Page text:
Monetizing Magic

A Shadow In SummerQuick, name one aspect of life you almost never see dealt with in epic fantasy! Did you say “economics”? No? I don’t blame you. Like many, my eyes tend to glaze over when talk of money or economics starts up. Still, when you get right down to it, money makes the world go around in many ways. So it’s kind of odd it almost never gets dealt with in a serious way in fantasy. The hero either has a handful of coppers in his or her pocket or doesn’t, and little thought is given toward where the money comes from in a larger sense. And be honest; most people gifted with magical might would neither save nor conquer the world, but would instead use said power to make crazy money.

My friends, let me introduce you to the writings of Daniel Abraham. Maybe you’ve already heard of him through his epic fantasy series The Dagger and the Coin or his work as one half of James S.A. Corey in writing The Expanse. He’s even got a television show in production for that one. But I’m willing to bet even some of his newer fans haven’t checked out his first epic fantasy series, the tragically underrated The Long Price Quartet.

The Long Price Quartet was the first epic fantasy series I ever read that seriously dealt with economics. The second-world fantasy series features a magic system where poet-sorcerers are able to hold perfectly-formed ideas in their minds, breathing life into creatures called andats. Each andat has fantastical powers based upon the idea it represents, and the city states that employ the poets use the andats to retain an economic advantage over any rivals.

Need an example? In A Shadow in Summer, the first volume of the quartet, the poet Heshai controls the andat called Removing-the-part-that-continues (“Seedless” for short). Seedless is used to remove seeds from cotton on a grand scale for the city-state of Saraykeht.

It’s not as simple as that, though. The andats do not want to exist, preferring the abstractness of thought to existence in a concrete reality. If a poet tries to capture one and fail, he or she dies. And even if they are successful, they are bound for life to a creature that wants nothing more than to cease existing. Hence poet and andat are locked in constant mental struggle. Should the poet ever lose the thread of the thought that makes up the andat or die without passing that idea to another poet, the andat vanishes. And any given andat can only be captured once.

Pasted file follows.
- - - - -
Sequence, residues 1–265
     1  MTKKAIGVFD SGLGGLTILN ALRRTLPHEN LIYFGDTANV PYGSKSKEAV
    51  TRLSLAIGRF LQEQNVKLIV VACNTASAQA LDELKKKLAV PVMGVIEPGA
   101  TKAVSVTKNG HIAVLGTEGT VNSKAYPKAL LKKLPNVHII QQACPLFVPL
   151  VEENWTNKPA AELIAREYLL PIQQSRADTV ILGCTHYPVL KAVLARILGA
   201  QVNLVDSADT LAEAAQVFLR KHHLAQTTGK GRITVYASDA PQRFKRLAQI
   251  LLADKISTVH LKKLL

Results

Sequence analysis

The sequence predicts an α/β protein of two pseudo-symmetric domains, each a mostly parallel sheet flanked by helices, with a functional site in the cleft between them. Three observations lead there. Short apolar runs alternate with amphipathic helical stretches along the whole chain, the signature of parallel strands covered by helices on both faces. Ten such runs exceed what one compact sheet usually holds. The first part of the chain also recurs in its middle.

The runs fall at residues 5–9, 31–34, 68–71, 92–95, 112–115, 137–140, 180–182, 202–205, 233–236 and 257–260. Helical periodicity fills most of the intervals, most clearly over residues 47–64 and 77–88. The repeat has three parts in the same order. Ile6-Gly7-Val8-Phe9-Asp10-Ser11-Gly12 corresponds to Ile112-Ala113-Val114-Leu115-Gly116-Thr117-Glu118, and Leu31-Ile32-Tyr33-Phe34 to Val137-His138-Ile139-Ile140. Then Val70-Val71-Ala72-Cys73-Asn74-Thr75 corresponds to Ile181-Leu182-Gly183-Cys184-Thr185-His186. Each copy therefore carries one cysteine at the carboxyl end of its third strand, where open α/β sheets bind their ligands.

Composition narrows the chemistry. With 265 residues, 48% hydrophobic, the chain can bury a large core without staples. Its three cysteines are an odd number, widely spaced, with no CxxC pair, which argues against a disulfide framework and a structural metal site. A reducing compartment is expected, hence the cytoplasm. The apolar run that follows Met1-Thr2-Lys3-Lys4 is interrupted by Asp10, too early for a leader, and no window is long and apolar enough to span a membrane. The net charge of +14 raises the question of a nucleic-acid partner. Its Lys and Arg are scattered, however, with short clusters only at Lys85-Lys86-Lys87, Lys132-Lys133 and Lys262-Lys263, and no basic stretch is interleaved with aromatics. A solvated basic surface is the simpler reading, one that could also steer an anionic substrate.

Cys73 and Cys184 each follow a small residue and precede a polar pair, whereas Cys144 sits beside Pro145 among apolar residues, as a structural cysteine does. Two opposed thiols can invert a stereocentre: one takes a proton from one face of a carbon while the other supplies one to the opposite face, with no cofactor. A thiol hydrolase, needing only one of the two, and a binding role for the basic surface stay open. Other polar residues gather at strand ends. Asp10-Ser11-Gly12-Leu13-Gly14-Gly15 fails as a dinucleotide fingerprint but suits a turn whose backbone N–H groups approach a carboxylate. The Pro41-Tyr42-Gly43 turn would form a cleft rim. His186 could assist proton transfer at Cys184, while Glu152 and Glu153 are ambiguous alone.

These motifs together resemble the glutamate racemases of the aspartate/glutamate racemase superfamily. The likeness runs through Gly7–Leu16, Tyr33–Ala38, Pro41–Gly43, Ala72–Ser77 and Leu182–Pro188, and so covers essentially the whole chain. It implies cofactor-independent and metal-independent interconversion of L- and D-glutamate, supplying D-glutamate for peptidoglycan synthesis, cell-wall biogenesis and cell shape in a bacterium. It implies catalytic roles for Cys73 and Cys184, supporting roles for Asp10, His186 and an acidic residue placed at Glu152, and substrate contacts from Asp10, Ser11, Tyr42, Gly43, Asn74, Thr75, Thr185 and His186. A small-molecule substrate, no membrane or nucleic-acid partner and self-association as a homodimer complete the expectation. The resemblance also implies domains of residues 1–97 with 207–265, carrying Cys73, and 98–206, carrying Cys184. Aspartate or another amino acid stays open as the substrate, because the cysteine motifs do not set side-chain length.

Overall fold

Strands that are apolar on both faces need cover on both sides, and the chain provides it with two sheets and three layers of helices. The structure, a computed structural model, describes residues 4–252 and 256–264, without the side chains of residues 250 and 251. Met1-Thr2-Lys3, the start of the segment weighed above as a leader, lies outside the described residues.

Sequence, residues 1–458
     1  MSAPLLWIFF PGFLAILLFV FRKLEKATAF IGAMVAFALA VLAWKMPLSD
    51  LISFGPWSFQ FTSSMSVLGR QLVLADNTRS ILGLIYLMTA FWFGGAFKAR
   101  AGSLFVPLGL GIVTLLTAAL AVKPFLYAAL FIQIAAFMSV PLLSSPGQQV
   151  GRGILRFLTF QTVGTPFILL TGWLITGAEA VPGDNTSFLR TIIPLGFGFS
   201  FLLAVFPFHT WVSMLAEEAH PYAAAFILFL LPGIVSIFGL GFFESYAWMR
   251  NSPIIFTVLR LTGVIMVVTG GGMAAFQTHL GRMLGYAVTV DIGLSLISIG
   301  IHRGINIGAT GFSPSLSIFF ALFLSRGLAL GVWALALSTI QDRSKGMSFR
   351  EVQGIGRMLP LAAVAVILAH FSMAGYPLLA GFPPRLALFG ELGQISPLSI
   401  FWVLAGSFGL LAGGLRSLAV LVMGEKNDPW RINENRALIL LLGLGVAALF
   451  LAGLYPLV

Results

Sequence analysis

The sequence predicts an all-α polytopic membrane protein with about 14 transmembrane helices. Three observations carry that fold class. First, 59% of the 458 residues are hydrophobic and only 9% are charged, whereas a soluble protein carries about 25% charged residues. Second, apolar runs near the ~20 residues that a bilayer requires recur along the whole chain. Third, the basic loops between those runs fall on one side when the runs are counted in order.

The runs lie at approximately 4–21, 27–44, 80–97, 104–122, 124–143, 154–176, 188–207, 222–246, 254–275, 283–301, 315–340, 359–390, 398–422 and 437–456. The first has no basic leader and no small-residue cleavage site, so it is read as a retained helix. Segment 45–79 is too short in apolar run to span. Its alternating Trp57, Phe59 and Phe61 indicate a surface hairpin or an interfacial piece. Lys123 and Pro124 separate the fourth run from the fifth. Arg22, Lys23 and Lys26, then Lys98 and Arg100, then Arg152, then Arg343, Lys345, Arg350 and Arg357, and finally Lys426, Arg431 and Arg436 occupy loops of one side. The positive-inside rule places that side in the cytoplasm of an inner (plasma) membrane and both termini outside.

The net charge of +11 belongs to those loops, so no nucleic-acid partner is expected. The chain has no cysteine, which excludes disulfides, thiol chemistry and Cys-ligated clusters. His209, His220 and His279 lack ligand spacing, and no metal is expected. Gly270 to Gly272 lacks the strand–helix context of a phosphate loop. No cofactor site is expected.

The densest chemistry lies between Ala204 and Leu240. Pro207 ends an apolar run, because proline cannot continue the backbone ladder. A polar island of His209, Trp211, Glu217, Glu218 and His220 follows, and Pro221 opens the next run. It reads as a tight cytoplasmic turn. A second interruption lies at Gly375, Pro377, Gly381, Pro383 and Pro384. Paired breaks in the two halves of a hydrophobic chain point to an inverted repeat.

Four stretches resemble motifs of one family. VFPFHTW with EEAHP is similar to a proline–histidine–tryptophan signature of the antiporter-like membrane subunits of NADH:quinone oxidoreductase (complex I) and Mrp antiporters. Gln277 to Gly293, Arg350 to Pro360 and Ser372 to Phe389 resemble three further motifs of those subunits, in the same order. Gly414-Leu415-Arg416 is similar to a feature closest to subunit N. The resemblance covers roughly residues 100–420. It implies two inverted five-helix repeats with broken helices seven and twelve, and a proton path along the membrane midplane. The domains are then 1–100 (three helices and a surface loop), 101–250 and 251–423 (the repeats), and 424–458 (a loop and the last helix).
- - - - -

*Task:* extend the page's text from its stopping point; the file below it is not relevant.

The power Seedless wields over cotton is great for Saraykeht. The only trouble is other nations grow cotton too, and there is only one Seedless. Jealous rivals will stop at nothing to remove the advantages an andat provides. But they dare not act openly, because removing seeds from cotton is not all that Seedless can do…

The books of Long Price are a slower read than some. In addition to an interest in economics that carries through to his other writing, Abraham eschews a lot of epic fantasy staples like large-scale battles. Instead he focuses more on intrigue and the human side of conflict. His prose is spare but efficient and filled with evocative imagery, and his books have absolutely no bloat, which will be a relief to many. I remember reading Long Price and thinking that I’d never read anything quite like it before. It immediately made Abraham a must-read author for me and reading his work has taught me a lot about my own writing as well.

So maybe you’ve heard of this Daniel Abraham guy. If you have, but have only read his later Dagger and Coin or his Expanse sci-fi collaboration with Ty Franck, do yourself a favor and pick up A Shadow in Summer*. And if you’ve never read Daniel Abraham, do yourself a favor and jump on the bandwagon of one of the industry’s rising stars.

 

*Note: The books of Long Price can be purchased individually or you can buy the series in two halves. A Shadow in Summer and A Betrayal in Winter have been merged into Shadow and Betrayal, while An Autumn War and The Price of Spring were merged into The Price of War.

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